Okay if are you thinking about taking up flyfishing, where do you start? Most Fish and Boat readers would probably be thinking about doing something in salt water, dams or lagoons so a good all-round outfit would be based on a 9 weight line. Such a setup would handle most of the regular species including barra, salmon, Queenfish, trevally, even tuna.

As most fly rods these days are made from carbon fibre, they can be very expensive. I’ve found that the Temple Fork Outfitters (TFO) rods are not only well-made, but economically priced. The BVK series, in particular, is great value for money given its lightness, great casting characteristics and fighting performance.

Bonefish are an iconic fly fishing species because they can be sight fished in very shallow water all around the world. This one came from Kiritimati better known as bonefish heaven!

Reels are another topic altogether! Again, there are some frighteningly costly models at the top of the range but there are now a plethora of models at the lower end of the scale that offer superb performance for those starting out. While I can’t recommend any specific brands, I’m sure that staff at the more specialist tackle emporiums can point interested fishers in the right direction.

It’s important that the reel chosen is able to accommodate 300 metres of at least 30 pound (15kg) braided line backing as well as a full (90ft) 9 weight fly line. Personally, I prefer to use 50 pound backing as that further strengthens the link between the backing and line. Losing a line that sometimes costs over $120 because of a connection failure can be hard on the pocket.

The most commonly used flyline is the weight forward intermediate type, designed to sink slowly rather than float. Many of these lines are transparent or have a transparent section at the forward end. This is to make them less visible to any fish in the vicinity.

Better quality flylines these days usually have a loop at one or both ends which allows them to be quickly connected to the backing and leader. The type of design inherent in the last 30 feet of a weight forward line provides the power behind the cast and this can be further enhanced by tapering the leader section that is attached to that end of the flyline.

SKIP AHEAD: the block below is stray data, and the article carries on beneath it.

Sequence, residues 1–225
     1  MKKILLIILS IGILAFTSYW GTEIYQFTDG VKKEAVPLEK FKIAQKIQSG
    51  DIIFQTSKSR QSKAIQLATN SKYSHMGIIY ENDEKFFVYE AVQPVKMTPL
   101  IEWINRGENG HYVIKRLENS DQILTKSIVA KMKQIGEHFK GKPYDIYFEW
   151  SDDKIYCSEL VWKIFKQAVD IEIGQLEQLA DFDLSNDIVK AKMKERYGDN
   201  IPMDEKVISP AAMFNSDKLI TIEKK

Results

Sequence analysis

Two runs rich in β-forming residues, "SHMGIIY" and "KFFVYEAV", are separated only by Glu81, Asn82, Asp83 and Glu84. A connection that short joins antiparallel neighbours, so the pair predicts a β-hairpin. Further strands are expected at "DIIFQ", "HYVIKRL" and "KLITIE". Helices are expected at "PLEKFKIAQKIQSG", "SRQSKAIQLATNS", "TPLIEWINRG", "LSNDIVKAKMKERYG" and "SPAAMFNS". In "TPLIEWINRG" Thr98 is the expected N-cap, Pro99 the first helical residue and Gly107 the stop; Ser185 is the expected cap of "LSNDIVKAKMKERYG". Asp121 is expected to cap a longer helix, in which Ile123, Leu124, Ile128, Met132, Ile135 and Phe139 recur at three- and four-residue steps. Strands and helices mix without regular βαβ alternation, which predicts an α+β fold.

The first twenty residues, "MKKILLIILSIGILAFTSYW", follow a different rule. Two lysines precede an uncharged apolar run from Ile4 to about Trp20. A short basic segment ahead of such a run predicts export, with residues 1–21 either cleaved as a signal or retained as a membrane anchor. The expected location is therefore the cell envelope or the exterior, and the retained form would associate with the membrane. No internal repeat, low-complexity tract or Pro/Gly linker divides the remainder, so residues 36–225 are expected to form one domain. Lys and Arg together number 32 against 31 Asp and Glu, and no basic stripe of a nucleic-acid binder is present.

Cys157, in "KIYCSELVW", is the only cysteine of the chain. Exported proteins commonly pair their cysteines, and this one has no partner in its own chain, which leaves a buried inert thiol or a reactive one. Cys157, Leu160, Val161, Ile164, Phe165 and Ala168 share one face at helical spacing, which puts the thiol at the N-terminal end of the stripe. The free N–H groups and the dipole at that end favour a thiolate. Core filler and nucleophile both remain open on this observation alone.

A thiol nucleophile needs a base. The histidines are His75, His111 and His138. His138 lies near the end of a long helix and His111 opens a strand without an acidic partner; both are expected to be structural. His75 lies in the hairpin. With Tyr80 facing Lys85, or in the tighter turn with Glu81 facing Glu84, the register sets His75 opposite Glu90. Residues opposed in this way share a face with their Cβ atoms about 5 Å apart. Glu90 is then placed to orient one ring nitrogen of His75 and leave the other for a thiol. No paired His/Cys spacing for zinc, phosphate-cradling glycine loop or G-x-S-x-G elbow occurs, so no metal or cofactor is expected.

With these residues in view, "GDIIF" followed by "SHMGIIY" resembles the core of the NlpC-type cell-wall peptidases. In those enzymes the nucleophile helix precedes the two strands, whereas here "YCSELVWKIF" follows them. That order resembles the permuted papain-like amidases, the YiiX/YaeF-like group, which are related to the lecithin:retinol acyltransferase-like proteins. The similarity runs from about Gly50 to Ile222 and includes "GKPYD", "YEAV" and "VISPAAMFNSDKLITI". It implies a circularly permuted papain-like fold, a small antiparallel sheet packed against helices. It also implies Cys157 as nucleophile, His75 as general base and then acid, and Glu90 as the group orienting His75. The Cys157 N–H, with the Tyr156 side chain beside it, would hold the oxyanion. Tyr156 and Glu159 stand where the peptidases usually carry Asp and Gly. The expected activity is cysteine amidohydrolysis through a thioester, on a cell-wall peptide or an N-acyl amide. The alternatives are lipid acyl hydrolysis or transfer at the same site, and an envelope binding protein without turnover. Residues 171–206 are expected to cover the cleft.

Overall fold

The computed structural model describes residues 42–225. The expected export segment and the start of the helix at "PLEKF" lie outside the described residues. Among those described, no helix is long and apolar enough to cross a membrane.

There’s few fish more spectacular than diamond trevally – and they love flies.

A typical 9 weight leader would consist of 60cm of 30kg hard monofilament followed by 160 cm of 20kg mono, then another 60cm of 15kg. What is termed the tippet comes next, usually 60cm of 6 to 10kg, followed by a short shock tippet of heavier 20 to 30kg mono depending on the species expected. It’s a good idea to tie up a number of leaders and tippets beforehand, using a loop to loop arrangement to facilitate quick changing of species appropriate tippets

There are a huge number of fly patterns around but a few basic ones will get you started. Clousers in various sizes are probably the most versatile so make sure to always have a selection in your box. I’m a great fan of Lefty’s Deceivers and they are my ‘go to’ barra choice. Over the years, I’ve developed my own version based on an example first shown to me by the legendary ‘father of Aussie SWF’ Ron Pearson.

Queenfish are a species that is very receptive to grabbing a fly, particularly if it is retrieved fast. Jon with an average Weipa model.

Many fly fishers get into tying their own flies and that just enhances the experience. There’s nothing quite like catching a trophy fish on one of your hand tied creations. Believe me, I’ve seen some motley ones over the years, particularly from my old mate Wayne Kampe, but I can confirm from firsthand experience that they definitely don’t have to be a showroom examples to catch a big fish.

They say fishing is good for the soul and I can think of no better way to chill out than wandering along the beach casting a fly. Sometimes, it can almost border on a spiritual experience. That may sound trite but I’m sure many other fishers will have felt the same.

It’s well worth the effort to give fly a try!